It’s the middle of August. Back to school time. Does it mean back to school social anxiety time?
There’s excitement, shopping, back-to-school tours…maybe some complaining. Or some social anxiety. First day of school pictures with backpacks flood Facebook and Instagram.
Then maybe some calls from the school start coming that your child isn’t transitioning well. Or maybe that they’re not behaving well at school. And now, you’re the one stressed out.
Two tips that have helped many parents help their socially anxious child transition to going back to school are…
Tip #1 Reduce Stress.
Reduce stress. Very funny, huh? How do we reduce stress? We’re already stressed out or we have a fear of being stressed out. Or our kids are stressed out.
One very effective way to reduce stress in these situations is to let them know what they can expect. Set clear expectations.
Let them know what is coming and put an emphasis on the fun parts. The parts that they can look forward to and that you know would be important to them – like recess, art, P.E., digital media, etc.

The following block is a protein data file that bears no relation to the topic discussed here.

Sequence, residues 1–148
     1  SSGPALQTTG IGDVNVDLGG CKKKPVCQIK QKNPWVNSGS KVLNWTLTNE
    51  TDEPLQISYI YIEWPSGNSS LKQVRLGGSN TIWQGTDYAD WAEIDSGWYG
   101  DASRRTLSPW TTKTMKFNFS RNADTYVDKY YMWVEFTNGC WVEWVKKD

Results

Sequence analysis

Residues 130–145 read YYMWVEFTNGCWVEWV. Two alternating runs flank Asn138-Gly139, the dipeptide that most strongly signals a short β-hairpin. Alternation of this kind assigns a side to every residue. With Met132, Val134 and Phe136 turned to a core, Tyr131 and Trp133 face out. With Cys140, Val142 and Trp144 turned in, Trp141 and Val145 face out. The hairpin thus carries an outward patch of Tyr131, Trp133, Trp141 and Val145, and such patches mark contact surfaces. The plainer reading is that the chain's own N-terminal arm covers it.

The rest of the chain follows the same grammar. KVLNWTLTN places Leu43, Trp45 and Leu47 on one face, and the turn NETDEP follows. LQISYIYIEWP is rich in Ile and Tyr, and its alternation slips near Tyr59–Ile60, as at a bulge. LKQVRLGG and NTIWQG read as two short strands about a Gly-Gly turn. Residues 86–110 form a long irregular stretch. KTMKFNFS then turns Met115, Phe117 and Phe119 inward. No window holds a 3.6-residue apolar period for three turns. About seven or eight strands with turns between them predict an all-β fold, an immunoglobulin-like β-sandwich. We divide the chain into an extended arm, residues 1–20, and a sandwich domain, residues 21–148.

Most of the time with anxiety, school social anxiety in particular, it’s a fear of what could happen.
When we know we have some fun things to look forward to, we’re way more likely to be ‘all game’. Like anytime we have to wake up really, really early and it’s just really, really hard…but when we know it’s for vacation that changes the whole story, right?
So in reducing stress start with clear expectations of what they can look forward to.
Tip #2 Pace The Process
We now know the goal with the clear expectation, now it’s time for patience on our part, as parents. If we ease kids in at their own speed, the transition will be way smoother and way shorter.
Sometimes it takes a little while. It’s worth the effort of patience and pacing the process to not extend a transition time any longer than it needs to be. No one would want to make a painful transition time extend from a two week process to become a two month process. Or longer. Right?
So number one, reduce stress by setting a clear expectation. Number two is to pace the process with patience and let them ease in at their own pace.
Contact us on our Facebook page and let us know how your child is transitioning to back to school. Any questions? We’d love to help.